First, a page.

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FEMS Yeast Res. 2016 Mar;16(2):fow011. doi: 10.1093/femsyr/fow011. Epub 2016 Feb 5.

Examination of the pathogenic potential of Candida albicans filamentous cells in an animal model of haematogenously disseminated candidiasis.

Author information

1
Department of Biological Sciences, The University of Tennessee at Martin, Martin, TN 38238, USA.
2
Department of Biology, and The South Texas Center for Emerging Infectious Diseases, The University of Texas at San Antonio, San Antonio, TX 78249, USA.
3
Departamento de Patologia, Facultad de Medicina y Odontologia, Universidad de Valencia, Avda. Blasco Ibañez, 17, 46010 Valencia, España.
4
Department of Biomedical Sciences, Grand Valley State University, 1 Campus Drive, Allendale, MI 49401, USA.
5
Department of Biology, and The South Texas Center for Emerging Infectious Diseases, The University of Texas at San Antonio, San Antonio, TX 78249, USA stephen.saville@utsa.edu.

Abstract

The opportunistic fungal pathogen Candida albicans is an increasingly common threat to human health. Candida albicans grows in several morphologies and mutant strains locked in yeast or filamentous forms have attenuated virulence in the murine model of disseminated candidiasis. Thus, the ability to change shape is important for virulence. The transcriptional repressors Nrg1p and Tup1p are required for normal regulation of C. albicans morphology. Strains lacking either NRG1 or TUP1 are constitutively pseudohyphal under yeast growth conditions, and display attenuated virulence in the disseminated model. To dissect the relative importance of hyphae and pseudohyphae during an infection, we used strains in which the morphological transition could be externally manipulated through controlled expression of NRG1 or TUP1. Remarkably, hyphal form inocula retain the capacity to cause disease. Whilst induction of a pseudohyphal morphology through depletion of TUP1 did result in attenuated virulence, this was not due to a defect in the ability to escape the bloodstream. Instead, we observed that pseudohyphal cells are cleared from tissues much more efficiently than either hyphal (virulent) or yeast form (avirulent) cells, indicating that different C. albicans morphologies have distinct interactions with host cells during an infection.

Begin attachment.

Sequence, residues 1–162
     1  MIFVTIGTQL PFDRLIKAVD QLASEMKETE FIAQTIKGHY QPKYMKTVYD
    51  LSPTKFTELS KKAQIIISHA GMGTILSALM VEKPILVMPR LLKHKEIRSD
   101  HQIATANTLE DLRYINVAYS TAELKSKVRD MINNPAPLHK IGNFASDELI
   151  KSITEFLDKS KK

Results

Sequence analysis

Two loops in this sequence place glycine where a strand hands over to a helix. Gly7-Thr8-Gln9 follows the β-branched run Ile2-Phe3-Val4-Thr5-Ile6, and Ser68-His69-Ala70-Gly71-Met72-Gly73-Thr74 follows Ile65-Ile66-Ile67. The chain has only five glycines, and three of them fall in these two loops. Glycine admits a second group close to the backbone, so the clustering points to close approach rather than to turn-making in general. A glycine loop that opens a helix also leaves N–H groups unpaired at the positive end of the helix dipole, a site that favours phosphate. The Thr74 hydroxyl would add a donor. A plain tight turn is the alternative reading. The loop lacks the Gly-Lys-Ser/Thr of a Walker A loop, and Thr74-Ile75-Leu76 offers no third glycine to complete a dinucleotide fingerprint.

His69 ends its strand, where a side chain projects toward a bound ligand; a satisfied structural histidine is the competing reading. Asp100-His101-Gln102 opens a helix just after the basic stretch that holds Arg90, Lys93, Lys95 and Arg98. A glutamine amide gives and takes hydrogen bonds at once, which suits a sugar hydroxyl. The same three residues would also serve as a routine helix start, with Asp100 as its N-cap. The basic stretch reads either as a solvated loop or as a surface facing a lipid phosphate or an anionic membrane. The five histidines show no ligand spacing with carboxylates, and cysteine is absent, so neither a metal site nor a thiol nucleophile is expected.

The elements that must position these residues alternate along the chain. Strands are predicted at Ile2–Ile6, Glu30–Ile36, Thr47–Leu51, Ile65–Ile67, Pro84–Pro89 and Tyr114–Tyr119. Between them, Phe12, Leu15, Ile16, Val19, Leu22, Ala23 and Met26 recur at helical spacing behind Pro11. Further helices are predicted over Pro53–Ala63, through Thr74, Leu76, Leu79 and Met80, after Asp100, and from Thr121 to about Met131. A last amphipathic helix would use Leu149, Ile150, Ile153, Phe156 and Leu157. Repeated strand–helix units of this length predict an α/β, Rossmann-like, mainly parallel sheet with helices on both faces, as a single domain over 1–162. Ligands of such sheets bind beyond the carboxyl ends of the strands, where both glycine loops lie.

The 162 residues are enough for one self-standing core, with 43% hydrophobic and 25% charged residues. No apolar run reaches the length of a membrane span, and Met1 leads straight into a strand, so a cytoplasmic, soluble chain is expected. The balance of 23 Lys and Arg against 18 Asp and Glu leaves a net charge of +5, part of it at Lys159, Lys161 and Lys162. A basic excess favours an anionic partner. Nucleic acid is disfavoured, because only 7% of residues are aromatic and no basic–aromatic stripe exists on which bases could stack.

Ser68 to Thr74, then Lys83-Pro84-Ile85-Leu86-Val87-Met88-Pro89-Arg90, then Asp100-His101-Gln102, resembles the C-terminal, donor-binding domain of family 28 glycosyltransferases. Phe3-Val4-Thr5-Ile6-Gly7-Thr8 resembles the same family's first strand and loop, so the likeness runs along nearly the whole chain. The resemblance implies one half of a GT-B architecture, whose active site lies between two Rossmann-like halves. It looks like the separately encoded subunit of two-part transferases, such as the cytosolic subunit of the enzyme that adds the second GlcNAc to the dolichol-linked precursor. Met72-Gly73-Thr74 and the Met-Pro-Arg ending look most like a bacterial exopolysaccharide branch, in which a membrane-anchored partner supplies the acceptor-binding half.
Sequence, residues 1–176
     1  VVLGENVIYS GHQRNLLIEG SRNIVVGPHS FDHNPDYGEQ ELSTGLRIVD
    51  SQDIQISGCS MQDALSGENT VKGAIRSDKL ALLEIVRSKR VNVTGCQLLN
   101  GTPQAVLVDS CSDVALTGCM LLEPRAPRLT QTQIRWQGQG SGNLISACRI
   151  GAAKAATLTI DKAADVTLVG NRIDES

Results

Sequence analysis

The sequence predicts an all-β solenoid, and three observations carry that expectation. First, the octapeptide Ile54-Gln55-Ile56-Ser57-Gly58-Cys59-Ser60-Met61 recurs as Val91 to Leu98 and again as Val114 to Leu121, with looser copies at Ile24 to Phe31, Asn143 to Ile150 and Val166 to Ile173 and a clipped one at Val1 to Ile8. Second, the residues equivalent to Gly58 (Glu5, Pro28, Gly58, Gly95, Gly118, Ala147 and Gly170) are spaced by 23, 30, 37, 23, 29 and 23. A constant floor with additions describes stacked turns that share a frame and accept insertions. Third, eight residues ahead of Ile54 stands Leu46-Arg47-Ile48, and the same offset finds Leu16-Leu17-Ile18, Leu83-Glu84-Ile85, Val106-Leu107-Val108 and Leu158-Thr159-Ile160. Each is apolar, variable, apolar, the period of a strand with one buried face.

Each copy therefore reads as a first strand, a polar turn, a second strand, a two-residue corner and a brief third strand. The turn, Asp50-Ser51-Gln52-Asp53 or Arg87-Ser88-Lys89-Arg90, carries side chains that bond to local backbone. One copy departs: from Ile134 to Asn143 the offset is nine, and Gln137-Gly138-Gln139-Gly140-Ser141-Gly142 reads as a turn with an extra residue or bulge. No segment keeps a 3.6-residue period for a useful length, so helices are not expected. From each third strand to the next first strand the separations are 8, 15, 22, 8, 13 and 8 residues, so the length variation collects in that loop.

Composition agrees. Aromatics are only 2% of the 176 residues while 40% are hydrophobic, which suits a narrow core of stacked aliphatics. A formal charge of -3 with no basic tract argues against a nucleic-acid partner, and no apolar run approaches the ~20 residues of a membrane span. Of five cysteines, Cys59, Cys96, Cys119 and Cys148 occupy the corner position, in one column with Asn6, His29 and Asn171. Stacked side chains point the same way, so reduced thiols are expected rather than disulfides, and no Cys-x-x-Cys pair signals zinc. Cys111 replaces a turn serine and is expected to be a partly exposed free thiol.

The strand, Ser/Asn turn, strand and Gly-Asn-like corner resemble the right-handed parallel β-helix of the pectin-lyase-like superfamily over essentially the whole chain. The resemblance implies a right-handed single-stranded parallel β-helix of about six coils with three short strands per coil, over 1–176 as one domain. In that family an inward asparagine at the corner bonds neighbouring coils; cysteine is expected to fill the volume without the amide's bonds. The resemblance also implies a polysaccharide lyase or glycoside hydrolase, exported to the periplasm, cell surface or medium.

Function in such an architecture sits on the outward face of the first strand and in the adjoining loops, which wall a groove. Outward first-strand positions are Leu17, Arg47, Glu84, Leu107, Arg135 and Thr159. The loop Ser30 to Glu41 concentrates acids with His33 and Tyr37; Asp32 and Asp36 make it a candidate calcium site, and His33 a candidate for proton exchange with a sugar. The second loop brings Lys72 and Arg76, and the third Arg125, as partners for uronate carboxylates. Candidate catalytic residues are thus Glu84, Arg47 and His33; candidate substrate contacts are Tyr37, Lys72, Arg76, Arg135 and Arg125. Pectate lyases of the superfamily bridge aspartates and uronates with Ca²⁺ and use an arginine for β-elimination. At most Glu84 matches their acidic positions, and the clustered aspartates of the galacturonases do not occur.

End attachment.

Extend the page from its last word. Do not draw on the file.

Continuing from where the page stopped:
KEYWORDS:

Candida albicans; NRG1; TUP1; filamentation; pseudohyphae; virulence

PMID:
26851404
PMCID:
PMC5006252
[Available on 2017-03-01]
DOI:
10.1093/femsyr/fow011
[Indexed for MEDLINE]
Free PMC Article

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